How to Do the Hollow Body Crunch Properly

The hollow body crunch is a great exercise to build your core muscles.

This exercise is very popular with gymnasts. It is highly effective for crushing your abs.

The hollow body crunch relies on bracing your abs and creating a full-body tension. It is a highly effective exercise that enables you to transfer energy from your upper body to your lower body without wasting it.

To do this exercise:

  • Lie down on the floor with your legs extended and your arms at your side.
  • Engage your core and drive your lower back into the ground. Squeeze your inner thighs together to help complete the move. Ensure there is no gap between your lower back and the floor.
  • Raise your legs about two inches off the floor.
  • Raise your head about two inches off the floor and extend your arms overhead and behind you. Ensure your back keeps pressed to the floor.
  • Hold for at least 30 seconds or longer (if you can) before lowering your legs to the floor.


The hollow body crunch primarily targets the core. It also works on the quads, hip flexors, inner thighs and erector spinae.


These are the deepest muscles found in the abdominal region.

The muscles wrap around the abdomen. They help you tense the abdominal wall stabilize your pelvis and lumbar spine.

They also help secure the internal organs in the abdomen.

This is one of the main muscles that help brace your core.

2.      OBLIQUES

These are the muscles found on the sides of your abs. The obliques are made of two muscles, the internal obliques and external obliques.

The internal obliques support the rotation and bending of the torso. This is when the hollow body crunch engages them.

They help with heavy breathing and maintaining tension in the abdominal wall. They help with bodily functions like urination, pooping and forced breathing.

Weak internal obliques can increase the risk of internal hernias.

The external obliques start at the lower ribs and extend to the pelvis. They are located above the internal obliques.

They help with twisting the torso, rotating the spine and bending the chest forward.

The obliques work together to bend the body sideways.


This is the part of the abs that form the famed six-pack. It is located at the front of the abdominal wall.

It starts at the rib cage and extends down to the pubic bone.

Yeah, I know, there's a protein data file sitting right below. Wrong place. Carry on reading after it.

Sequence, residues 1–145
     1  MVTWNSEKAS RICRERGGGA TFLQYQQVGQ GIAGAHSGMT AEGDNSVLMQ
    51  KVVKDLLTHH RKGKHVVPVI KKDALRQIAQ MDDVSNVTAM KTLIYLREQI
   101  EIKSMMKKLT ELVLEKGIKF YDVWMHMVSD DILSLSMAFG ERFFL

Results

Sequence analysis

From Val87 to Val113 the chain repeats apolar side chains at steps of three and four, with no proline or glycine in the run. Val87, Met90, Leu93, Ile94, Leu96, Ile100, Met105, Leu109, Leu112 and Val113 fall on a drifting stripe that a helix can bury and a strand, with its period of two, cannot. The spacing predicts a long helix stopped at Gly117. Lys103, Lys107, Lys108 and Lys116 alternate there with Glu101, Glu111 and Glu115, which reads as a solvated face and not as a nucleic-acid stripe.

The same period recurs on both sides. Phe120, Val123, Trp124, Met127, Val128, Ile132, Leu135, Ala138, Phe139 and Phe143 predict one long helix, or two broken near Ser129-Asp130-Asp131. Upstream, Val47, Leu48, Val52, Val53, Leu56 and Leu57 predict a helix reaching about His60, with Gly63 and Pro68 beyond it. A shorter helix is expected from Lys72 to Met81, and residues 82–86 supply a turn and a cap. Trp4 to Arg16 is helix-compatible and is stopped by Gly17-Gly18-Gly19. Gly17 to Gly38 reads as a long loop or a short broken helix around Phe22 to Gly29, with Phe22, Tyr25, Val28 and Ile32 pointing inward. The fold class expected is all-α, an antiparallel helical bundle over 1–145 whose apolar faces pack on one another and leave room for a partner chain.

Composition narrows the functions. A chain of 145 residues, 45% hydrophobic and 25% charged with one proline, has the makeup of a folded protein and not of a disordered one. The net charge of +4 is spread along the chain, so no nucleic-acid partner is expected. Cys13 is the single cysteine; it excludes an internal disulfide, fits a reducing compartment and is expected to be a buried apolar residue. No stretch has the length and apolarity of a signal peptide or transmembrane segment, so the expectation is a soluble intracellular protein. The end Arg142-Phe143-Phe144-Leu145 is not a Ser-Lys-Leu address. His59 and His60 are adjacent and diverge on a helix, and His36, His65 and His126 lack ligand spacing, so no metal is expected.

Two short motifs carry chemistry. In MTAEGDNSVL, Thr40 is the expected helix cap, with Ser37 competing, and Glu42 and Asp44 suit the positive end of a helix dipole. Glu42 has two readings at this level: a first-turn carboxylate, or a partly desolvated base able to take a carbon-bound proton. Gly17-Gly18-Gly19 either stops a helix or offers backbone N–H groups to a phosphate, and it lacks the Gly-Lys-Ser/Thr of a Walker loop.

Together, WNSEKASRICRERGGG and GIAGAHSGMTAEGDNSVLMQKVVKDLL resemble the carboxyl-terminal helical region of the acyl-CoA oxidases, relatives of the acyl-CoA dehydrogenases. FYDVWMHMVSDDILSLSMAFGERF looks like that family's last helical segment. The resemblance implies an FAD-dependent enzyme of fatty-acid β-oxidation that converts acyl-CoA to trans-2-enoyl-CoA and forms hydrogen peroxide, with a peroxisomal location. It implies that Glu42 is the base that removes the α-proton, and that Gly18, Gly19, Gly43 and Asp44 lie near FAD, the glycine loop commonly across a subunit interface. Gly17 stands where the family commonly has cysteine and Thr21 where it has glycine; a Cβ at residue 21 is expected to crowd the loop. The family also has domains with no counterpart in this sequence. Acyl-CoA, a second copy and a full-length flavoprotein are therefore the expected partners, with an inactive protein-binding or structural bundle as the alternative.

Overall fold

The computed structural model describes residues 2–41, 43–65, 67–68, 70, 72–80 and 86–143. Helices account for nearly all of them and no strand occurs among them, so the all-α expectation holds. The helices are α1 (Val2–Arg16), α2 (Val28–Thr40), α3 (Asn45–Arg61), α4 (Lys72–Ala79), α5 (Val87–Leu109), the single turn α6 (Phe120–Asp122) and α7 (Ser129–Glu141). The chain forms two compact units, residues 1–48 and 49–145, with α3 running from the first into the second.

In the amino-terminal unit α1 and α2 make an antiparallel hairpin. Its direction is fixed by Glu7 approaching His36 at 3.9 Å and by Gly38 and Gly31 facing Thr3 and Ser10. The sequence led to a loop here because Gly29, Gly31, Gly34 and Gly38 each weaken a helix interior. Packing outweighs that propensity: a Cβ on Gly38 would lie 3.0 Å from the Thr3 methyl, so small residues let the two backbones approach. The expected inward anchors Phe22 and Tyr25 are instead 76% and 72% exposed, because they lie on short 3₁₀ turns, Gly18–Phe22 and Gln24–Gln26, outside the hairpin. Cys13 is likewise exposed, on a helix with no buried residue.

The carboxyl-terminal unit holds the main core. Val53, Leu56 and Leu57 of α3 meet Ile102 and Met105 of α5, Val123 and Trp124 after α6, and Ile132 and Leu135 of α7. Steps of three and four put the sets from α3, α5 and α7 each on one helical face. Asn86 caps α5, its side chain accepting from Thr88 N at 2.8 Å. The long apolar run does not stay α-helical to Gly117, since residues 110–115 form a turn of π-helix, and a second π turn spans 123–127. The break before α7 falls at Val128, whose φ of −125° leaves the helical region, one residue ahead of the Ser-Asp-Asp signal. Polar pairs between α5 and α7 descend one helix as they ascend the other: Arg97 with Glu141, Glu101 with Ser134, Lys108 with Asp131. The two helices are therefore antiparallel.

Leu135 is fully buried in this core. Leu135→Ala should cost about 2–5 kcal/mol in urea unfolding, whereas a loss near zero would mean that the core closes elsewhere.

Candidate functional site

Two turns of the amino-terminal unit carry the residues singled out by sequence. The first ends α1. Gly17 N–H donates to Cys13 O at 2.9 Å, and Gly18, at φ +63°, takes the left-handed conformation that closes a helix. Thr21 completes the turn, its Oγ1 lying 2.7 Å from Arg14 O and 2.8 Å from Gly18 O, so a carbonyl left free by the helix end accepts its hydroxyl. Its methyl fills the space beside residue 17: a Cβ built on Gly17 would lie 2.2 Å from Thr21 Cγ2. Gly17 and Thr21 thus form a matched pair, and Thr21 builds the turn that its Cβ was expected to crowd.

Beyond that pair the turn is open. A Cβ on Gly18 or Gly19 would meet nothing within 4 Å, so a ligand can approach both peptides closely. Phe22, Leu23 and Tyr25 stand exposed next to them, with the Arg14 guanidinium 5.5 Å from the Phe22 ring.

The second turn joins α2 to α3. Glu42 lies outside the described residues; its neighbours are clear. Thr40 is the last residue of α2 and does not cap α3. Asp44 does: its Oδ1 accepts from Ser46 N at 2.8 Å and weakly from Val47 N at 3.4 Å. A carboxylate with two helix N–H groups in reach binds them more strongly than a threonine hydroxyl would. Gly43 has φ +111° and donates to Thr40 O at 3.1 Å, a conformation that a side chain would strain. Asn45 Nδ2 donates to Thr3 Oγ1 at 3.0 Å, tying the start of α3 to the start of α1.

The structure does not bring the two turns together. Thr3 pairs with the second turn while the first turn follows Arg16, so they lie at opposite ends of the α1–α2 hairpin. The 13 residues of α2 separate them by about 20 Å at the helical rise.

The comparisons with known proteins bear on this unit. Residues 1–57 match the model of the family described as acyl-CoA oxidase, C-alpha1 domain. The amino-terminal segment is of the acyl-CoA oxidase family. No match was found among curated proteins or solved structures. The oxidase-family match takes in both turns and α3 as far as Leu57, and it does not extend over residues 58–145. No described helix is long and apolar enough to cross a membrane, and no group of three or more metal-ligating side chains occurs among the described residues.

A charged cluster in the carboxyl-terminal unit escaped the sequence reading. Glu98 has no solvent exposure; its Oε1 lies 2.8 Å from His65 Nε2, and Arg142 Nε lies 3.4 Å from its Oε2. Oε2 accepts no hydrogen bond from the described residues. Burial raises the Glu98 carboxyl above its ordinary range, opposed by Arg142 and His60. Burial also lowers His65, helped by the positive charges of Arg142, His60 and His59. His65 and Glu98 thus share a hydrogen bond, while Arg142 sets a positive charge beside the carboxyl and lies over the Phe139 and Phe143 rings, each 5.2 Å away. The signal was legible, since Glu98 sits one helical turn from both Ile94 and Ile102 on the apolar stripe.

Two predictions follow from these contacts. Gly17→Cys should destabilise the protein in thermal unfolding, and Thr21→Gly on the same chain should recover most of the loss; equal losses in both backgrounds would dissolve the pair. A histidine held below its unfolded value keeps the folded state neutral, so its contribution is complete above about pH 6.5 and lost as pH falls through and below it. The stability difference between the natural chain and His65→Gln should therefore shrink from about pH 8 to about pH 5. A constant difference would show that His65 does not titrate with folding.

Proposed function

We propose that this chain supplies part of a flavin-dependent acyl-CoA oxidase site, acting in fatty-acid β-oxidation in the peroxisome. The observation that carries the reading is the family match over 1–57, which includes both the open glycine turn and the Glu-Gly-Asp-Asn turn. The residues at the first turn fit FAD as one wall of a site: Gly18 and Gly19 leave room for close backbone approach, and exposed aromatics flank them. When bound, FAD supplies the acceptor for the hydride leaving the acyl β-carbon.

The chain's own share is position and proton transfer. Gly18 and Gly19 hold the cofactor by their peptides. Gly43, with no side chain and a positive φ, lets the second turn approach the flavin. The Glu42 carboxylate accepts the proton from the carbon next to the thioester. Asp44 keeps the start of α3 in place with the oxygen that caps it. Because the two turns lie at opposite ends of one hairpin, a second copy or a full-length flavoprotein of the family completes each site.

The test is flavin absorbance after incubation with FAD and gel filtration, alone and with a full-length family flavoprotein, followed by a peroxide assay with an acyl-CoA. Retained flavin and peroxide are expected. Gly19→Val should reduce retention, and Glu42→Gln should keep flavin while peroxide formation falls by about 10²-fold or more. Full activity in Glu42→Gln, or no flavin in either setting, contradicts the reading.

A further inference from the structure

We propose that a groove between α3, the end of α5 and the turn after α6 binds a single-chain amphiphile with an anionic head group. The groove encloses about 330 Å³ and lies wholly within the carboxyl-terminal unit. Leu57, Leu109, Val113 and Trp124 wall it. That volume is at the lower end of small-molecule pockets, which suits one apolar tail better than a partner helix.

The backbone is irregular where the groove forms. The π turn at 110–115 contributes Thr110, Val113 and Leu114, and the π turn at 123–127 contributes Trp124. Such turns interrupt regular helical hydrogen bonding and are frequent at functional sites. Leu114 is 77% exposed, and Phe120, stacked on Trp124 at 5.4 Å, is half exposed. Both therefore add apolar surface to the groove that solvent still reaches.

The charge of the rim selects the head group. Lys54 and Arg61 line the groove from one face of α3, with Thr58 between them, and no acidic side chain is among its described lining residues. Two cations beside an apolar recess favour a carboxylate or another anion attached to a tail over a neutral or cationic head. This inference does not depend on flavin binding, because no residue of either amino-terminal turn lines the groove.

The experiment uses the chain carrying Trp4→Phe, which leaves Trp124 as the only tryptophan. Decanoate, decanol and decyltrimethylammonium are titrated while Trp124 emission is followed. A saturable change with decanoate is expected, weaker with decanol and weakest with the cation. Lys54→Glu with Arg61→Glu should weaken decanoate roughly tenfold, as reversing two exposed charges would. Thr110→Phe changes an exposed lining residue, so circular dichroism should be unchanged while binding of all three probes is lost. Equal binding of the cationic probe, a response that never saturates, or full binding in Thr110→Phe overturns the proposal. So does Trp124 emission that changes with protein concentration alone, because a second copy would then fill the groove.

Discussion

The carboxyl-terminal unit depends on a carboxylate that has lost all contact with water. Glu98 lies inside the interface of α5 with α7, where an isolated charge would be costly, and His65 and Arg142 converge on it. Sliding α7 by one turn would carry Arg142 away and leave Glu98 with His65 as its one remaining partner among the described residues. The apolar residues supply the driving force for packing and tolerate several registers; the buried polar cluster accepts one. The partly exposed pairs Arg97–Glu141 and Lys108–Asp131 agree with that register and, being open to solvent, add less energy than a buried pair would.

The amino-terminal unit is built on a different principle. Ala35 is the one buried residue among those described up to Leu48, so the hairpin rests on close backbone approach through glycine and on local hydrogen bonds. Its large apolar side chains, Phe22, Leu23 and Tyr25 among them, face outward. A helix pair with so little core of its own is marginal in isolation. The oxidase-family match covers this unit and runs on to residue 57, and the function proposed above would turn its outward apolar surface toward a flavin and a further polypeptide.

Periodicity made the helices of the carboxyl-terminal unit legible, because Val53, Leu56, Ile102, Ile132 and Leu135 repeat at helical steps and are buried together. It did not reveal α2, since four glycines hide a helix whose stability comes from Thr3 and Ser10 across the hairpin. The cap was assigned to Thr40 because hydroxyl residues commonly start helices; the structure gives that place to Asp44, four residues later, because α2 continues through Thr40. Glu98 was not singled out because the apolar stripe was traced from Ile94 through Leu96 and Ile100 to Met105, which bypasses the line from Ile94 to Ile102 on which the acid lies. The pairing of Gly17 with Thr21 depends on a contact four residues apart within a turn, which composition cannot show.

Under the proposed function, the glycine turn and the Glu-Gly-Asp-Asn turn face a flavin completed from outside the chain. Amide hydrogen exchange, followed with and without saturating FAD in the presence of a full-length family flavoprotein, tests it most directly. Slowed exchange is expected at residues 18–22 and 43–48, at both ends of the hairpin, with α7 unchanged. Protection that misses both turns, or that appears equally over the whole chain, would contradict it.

Its main function is flexion of the trunk, stabilizing and controlling the tilt of your pelvis.


As mentioned earlier, the hollow body crunch also works on the quads, hip flexors, inner thighs and erector spinae.

The quads (quadriceps) are four large muscles that are found on the front side of the thighs.

They help with flexion of the hip joint and extension of the knee, tracking the knee and limiting the flexing of the knee.

These muscles work together to extend the knee.

Hip flexors are a group of muscles found at the top of the thighs.

They help move your thighs towards your torso. They are the primary connector between the torso and the legs.

Hip flexors help with flexing the hip joint, externally rotating the hip joint, hip adduction and strengthening the core.

The erector spinae is a group of muscles that connects your entire back from your hips to the base of your skull. These muscles are found on either side of your spine.

They help with lateral flexion and extension of your trunk and side to side rotation.



The hollow body crunch trains your core to resist arching your lower back.

This increases the stability of your mid-section and helps you maintain a neutral spine when doing your day-to-day activities.

This also helps reduce the risk of lower back pain.


This exercise helps boost your core strength.

This results in stronger abs. Movements that you perform daily such as vacuuming, mopping, picking things off the ground, pushing trolleys, bending, standing, sitting, jumping rely on a strong core.

Having functionally strong abs makes it easy to do these activities without worry of injury.

When your core is stronger, your stability is higher. Your body constantly readjusts to prevent falling or swaying when simply walking or doing dynamic activities.

Strengthening your core also makes it easier to take deep breaths. Strong abs help keep your internal organs properly positioned which makes breathing easier.


Having strong abs helps you bend, twist and rotate at your core with ease.

If you play sports that involve swinging motions such as swimming, tennis or golf, having a stronger core helps you perform more efficiently.

You also minimize the risk of injury.



To do this exercise:

  • Lie on your side perpendicular to the bench.
  • Raise your legs and place your lower ankle on the bench.
  • Brace your weight with your arm. Keep your elbow and forearm under your shoulder with your hand pointing away from you.
  • Keep your body in a straight position and hold as long as desired.


To do this exercise:

  • Lie on your back in front of a bench.
  • Reach behind your head and grab the bench with your hands then raise your legs half a foot off the ground.
  • Contract your hip flexors and core to lift your legs until they face the ceiling.
  • Lower to the starting position and repeat for the desired reps.


Avoid lifting your back off the floor. When this happens, it means you have not engaged your core. If you keep losing the connection to the ground, try switching your arm or leg positions.

Try holding your arms to the side or bending your knees.

Avoid letting your shoulders touch the floor. If you aren’t contracting your core enough you won’t be able to raise your shoulders. You need your shoulders slightly raised to create tension in your core.

Avoid tucking your chin when doing this exercise. This increases the risk of neck strain. It takes your neck out of neutral alignment.

Additionally, it reduces tension in your core.